The coin toss is a symbol of fair chance at the start of every game, but no official coin has ever existed! Until now…
To support the initiative Hatch were tasked with creating a campaign that would raise awareness of the partnership, help spread the message of mutual respect on and off the pitch and engage with the target audience.
This led to the idea to launch a national competition to design the first ever Coin for Respect. The creative challenge called on children aged 3-17yrs across the UK to design a unique coin to become a symbol of mutual respect at the start of each grassroots game.
We split the campaign into four distinct stages, Competition Launch, Submissions, Shortlisting & Voting and Coin Launch. Each stage saw different elements come together to ensure the campaign received maximum exposure within the world of sport and wider media.
As part of the partnership, Nationwide Building Society had access to players and legends of the game which Hatch needed to utilise to meet the overall aims of the campaign.
Here’s how it went…
Stage 1: Competition Launch
To launch the competition to the nation Hatch enlisted the help of England footballing legends David James and Karen Carney to produce a video outlining what the campaign was.
We also worked with England stars Jordan Knobbs, Beth Mead, Tyrone Mings and Nick Pope to create image assets and pitch interviews to help get cut through in national media and generate significant awareness.
This resulted in 21 pieces of coverage including Good Morning Britain, The Metro, Sky Sports News, The Telegraph and The Independent.
Stage 2: Submission Drive
Once the competition was out there, the challenge was on to enough high-quality entries for a shortlist of designs that we could put to a public vote.
Our big focus here was on getting the campaign in front of as many children and families as possible.
The Hatchlings used the assets and ambassadors available to them, as well as various strategies, from a partnership with children’s title First News, to writing bespoke releases for local media in areas of high school concentration to get it in front of as many eyes as possible.
On top of this, Hatch worked with various MPs, utilising their relationships with schools and children’s groups within their constituencies as well as creating assets packs and a briefing sheet which was sent to every school in the country.
This outreach resulted in 100’s of high-quality entries from across the UK!
Stage 3: Shortlist & Voting
Following the hugely successful launch of the Coin for Respect campaign and the big push on submissions, it was important that we continued momentum into the shortlist and voting stages.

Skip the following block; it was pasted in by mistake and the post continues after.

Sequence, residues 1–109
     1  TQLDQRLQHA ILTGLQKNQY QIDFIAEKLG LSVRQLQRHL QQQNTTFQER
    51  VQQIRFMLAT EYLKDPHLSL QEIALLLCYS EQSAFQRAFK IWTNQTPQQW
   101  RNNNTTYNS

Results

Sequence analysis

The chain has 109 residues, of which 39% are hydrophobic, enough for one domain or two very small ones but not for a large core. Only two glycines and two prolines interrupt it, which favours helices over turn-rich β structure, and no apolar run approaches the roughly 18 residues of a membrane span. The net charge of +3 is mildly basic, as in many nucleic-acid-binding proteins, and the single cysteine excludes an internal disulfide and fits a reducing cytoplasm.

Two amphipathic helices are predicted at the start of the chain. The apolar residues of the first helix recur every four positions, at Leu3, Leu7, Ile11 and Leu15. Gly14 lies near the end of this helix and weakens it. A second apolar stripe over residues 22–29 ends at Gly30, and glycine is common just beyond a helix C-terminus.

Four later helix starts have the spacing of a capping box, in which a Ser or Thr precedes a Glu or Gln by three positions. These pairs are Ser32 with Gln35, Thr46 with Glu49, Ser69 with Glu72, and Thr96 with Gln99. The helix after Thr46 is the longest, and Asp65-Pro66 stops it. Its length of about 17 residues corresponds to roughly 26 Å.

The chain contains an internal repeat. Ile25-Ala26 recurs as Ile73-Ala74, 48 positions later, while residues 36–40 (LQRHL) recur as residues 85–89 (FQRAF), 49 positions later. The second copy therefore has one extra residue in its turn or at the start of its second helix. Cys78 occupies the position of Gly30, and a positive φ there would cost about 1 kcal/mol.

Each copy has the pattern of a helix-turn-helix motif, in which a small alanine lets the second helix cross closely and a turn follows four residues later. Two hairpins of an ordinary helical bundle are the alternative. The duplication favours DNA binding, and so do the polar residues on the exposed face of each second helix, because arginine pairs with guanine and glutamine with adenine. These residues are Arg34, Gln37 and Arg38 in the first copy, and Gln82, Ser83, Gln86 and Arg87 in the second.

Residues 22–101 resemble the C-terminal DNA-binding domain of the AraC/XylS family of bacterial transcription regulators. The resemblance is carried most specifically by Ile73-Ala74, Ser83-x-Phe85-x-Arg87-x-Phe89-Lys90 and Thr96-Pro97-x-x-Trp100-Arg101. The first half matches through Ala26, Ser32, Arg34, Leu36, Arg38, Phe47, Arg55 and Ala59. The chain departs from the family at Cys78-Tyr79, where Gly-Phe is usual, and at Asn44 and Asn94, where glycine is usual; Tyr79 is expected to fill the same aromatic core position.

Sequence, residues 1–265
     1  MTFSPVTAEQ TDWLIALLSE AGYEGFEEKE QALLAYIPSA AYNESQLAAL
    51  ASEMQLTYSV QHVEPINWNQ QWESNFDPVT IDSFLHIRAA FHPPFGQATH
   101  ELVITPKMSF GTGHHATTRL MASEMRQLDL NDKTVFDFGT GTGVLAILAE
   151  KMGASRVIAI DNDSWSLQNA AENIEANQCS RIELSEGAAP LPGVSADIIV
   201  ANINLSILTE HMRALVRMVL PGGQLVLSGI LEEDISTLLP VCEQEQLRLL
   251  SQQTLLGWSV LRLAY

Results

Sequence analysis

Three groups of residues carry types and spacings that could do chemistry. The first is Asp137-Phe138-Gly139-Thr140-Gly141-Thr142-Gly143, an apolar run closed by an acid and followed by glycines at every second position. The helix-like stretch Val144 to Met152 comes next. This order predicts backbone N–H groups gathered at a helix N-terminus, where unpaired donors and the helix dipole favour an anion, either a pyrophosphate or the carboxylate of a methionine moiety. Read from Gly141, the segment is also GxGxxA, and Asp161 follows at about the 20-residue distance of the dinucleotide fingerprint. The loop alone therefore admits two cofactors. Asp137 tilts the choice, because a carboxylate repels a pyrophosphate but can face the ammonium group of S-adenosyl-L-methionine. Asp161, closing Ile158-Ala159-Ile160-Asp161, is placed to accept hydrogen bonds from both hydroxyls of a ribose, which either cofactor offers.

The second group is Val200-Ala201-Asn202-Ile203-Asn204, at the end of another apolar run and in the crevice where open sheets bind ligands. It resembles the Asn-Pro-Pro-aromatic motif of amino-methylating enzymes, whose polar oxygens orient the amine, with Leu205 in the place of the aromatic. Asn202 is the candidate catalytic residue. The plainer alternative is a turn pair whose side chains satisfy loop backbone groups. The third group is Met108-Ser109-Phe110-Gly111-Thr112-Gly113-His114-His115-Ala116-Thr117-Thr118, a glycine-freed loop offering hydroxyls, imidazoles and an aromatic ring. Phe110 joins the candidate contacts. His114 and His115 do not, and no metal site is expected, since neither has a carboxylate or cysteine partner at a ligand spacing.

We worked with several ambassadors including David James, Jordan Knobbs, Beth Mead, Rebecca Welch and Jeff Brazier to select our 11 shortlisted entries that would be put to a public vote.
Once we had our shortlist, we worked on getting as much coverage as possible to ensure the public knew about the designs and could have their say on which design was their favourite.
To generate awareness of the voting stage, we worked with David, Rebecca, Jordan and Beth to secure interviews with national media resulting in significant coverage in broadcast, online and print titles.
Hatch also worked with all 11 shortlisted children to build a bank of assets they could use to run their own campaign, and to generate as many votes as possible for each shortlisted child, we outreached bespoke regional press releases and secured interviews for each entrant.
All this activity helped us achieve more than 10,000 votes for the shortlisted entries as well as 185 pieces of coverage with a reach of over 500m!
Our eventual winner was Chloe from Wallington, Surrey whose design aimed to show that everyone should be able to take part in football and be treated equally, regardless of race, gender, sexuality, or any other characteristics:
Stage 4: Winner Announcement and Coin Launch
The final stage culminated in the winning design being mass produced and distributed to 15,000 grassroots referees, footballing legends and influential figures within the game.
To launch the coin, we organised an event at Wallington FC (the local club of our winner) to host the first official Coin for Respect match, where the coin was used for the very first time.
The game was refereed by Grassroots Match Official of the Year, Ella Broad and the teams were treated to a training session from campaign ambassador David James. The Hatch content team captured the event for a final video that was used across Nationwide Building Society and England Football’s social media channels, as well as organising a photographer to capture images for media outreach.
Hatch also organised interviews for Chloe, David and Ella with local and national media to promote the campaign and showcase the winning coin.
Overall, the campaign was hugely successful securing coverage with a whole host of national and regional titles across print, broadcast and online. The content produced featured across multiple channels and drove significant engagement on Nationwide and England Football’s channels.
But above all the Coin for Respect is now being used by grassroots referees across the country, meaning it’s left a legacy on the game of football for generations of players and fans to experience.
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